So it turns out that having chickens about the place may well be addictive. I find that I’m really enjoying having them around. They burble imperiously at me when I bring them corn, and I like the pompous way in which they strut. Yet I have to say, I don’t feel actual affection for them, is that dreadful? They make me smile, but I don’t think I’ll have any qualms raising some for meat. Maybe I’m better at this livestock rearing lark than I thought I’d be? Or maybe it’s that with two cats and a dog already, I don’t feel the need for any more pets. Either way, I’m very glad that we have them on the smallholding and I continue to be thrilled at the fact that we are already self-sufficient in eggs.
Yesterday we decided to spend the morning obtaining two new hens to add to our little flock. We had been thinking about the huge list of chores that we want to tackle here on our smallholding and had started talking about the kind of livestock we’d like to rear for meat this year. We’re going to start small, a few sheep and pigs and some meat hens and geese and we’ll leave anything more adventurous for next year. The idea for the meat hens was to get our layers to go broody and hatch some fertilised eggs but since adopting our four ex-battery chickens we’ve learnt that hybrid hens rarely go broody which is a shame. So plan b was to find a local chicken breeder and buy some posh designer hens to use as our broody mothers. It didn’t exactly go to plan. We found a local smallholding that said we could pop by to see the point of lay hens they had for sale and somehow we ended up coming home with two more hybrids! These aren’t bog standard commercial crosses though, we got a Sussex ranger and an Amberlink, two pretty white birds, one of which has a very sweet black fringe around her bottom. Our little flock have sadly taken a bit of a dislike to our two new chickens and they’re all occupying separate parts of the paddock at the moment but we’re dousing them all in vile-smelling anti-peck spray and hope they’ll become friends eventually. We kept them separate during the day yesterday and popped the new girls into the house to sleep with the other hens at dusk. There was a bit of pecking and chasing today but we’ll keep an eye on them.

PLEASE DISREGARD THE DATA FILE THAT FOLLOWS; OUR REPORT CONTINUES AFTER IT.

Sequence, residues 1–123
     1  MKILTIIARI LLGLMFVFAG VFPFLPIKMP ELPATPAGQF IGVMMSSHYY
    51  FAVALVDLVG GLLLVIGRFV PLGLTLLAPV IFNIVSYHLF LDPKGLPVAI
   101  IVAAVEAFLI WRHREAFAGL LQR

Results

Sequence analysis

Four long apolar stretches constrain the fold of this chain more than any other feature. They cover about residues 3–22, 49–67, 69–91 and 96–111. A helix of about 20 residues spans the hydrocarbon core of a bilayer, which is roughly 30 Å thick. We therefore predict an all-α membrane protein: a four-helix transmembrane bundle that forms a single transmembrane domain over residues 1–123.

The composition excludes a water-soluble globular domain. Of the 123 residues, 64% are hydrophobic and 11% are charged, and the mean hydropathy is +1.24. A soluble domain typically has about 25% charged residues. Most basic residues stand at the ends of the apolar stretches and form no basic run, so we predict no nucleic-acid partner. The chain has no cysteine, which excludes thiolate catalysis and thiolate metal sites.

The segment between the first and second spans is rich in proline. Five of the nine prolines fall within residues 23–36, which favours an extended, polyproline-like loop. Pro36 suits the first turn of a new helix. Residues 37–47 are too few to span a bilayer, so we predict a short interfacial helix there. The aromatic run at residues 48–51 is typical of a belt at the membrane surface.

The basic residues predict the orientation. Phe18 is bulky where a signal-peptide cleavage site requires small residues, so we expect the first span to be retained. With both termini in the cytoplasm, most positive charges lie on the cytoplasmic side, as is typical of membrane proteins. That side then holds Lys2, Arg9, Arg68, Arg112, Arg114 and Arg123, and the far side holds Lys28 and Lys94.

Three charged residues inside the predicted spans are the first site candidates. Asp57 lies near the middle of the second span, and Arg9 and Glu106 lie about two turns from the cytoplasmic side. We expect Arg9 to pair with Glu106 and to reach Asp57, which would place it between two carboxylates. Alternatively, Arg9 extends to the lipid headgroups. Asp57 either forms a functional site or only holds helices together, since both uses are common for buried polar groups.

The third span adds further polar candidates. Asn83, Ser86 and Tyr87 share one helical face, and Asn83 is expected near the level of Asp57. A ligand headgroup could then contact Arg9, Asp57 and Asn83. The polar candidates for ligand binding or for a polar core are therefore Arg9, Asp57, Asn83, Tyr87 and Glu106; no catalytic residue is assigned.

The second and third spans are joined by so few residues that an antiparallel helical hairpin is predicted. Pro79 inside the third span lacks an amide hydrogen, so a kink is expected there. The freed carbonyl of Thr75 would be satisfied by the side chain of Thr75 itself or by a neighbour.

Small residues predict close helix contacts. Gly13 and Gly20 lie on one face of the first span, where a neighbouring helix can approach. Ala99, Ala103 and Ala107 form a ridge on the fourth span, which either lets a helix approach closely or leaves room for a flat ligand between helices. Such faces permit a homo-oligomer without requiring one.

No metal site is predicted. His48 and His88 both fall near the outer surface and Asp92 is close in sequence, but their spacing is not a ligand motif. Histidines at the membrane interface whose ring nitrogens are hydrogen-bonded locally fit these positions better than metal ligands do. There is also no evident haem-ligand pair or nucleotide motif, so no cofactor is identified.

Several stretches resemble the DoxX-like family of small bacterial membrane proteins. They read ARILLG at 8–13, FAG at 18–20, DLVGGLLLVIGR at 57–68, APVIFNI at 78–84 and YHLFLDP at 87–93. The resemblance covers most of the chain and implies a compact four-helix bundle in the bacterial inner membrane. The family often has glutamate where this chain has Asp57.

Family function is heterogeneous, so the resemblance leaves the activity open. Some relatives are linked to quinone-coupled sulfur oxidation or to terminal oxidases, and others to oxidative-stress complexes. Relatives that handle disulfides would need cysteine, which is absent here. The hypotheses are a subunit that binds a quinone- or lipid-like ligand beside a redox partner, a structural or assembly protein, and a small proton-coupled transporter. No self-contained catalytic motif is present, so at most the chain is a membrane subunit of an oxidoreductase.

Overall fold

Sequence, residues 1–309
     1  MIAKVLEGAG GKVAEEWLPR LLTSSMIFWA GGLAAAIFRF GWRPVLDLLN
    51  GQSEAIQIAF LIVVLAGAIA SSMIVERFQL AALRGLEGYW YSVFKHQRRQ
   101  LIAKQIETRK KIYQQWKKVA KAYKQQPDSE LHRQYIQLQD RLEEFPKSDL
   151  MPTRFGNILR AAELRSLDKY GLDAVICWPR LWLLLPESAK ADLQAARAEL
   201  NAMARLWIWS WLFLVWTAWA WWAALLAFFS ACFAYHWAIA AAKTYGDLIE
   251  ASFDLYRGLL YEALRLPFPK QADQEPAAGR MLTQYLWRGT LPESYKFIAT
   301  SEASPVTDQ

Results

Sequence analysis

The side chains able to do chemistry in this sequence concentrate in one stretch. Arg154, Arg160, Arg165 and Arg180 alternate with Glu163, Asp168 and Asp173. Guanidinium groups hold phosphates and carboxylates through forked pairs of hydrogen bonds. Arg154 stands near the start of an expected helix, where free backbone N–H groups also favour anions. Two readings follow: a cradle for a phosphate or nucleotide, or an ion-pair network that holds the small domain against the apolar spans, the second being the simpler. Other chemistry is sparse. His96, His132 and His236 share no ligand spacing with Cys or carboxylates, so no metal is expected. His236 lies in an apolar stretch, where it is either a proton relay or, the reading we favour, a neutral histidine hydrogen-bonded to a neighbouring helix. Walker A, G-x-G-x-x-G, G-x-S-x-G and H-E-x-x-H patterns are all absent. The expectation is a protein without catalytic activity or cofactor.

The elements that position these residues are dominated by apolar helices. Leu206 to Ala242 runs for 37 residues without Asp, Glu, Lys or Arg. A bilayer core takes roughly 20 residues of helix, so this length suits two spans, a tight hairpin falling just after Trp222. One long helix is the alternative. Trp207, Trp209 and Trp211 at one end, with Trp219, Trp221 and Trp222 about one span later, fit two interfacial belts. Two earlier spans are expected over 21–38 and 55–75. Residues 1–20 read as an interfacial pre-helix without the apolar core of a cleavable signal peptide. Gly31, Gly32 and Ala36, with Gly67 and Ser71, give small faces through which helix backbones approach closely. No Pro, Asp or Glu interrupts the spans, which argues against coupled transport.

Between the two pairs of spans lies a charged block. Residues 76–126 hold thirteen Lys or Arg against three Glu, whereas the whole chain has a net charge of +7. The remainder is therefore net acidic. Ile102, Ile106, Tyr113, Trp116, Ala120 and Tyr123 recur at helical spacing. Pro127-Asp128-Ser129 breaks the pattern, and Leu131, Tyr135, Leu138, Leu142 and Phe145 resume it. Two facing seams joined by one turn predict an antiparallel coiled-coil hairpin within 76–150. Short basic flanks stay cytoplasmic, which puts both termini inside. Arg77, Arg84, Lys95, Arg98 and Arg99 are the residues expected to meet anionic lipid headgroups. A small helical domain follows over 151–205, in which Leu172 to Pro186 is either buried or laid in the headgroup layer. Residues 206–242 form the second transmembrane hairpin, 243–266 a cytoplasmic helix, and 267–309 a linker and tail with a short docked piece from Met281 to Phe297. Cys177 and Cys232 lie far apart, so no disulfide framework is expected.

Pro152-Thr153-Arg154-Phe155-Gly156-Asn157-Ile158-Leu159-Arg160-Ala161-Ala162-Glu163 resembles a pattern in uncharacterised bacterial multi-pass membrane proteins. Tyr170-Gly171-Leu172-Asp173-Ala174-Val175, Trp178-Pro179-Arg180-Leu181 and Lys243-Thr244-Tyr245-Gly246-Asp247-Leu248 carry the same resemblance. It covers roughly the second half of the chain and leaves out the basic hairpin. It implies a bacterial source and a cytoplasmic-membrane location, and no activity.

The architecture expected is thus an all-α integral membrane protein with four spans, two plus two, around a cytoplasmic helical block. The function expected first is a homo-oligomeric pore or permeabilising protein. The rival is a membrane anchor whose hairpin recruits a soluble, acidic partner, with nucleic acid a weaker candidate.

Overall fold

With new hens coming in, we decided that our free range outdoor pen, which we’ve been moving around the hen house on a monthly basis, needed to be increased in size. I’ve been quite unimpressed with the mobile pen we bought. It cost about £100 and it’s actually relatively small, but worse than that, even when constantly repositioned, the stakes that hold up the net sides lean a lot whenever it rains and the hens have actually been able to flutter over them a few times. The chickens had basically created a scratched, bare patch circling their rather immobile wooden chicken house where we’d been moving it about. Given that they’re currently occupying a paddock we intend to use as a vegetable garden, we thought we’d put chicken wire around the paddock itself so that the chickens could truly range free. There was a bit still around that we could repair and we added new wire when needed.
Quotes to have someone come in and do this work were surprisingly high, running to close to £1000 so we decided to invest a day and do it ourselves. I’m very pleased with the result. For a total cost of £120 (covering 50 metres of chicken wire, wire snippers, a heavy duty staple gun and staples) we secured the whole paddock, and I see the tools as an investment for the smallholding for the future. The wire won’t keep any determined predators out but we haven’t seen a fox since arriving here in October and we hope that the dog being outside all the time will encourage them to keep away, and we obviously lock the hens up at night. I think it’ll keep the chickens in the paddock though, which is our primary aim. We’ve both now had to chase escapee hens and it’s tedious to say the least! So here we are, more chickens than people on the smallholding and enjoying the eggs, even though they’re not laying that much. Our next step is to move the chickens all into a different paddock and to get going on hatching our meat birds, but I think we’ll wait for the spring so that the little chicks don’t get too cold. In the meantime, I found it made me genuinely happy when we removed the temporary fencing and the hens all went charging all over the paddock. They were so clearly enjoying themselves, and I think that given they must have more space to roam per hen than any other poultry in the South East of England, well they might!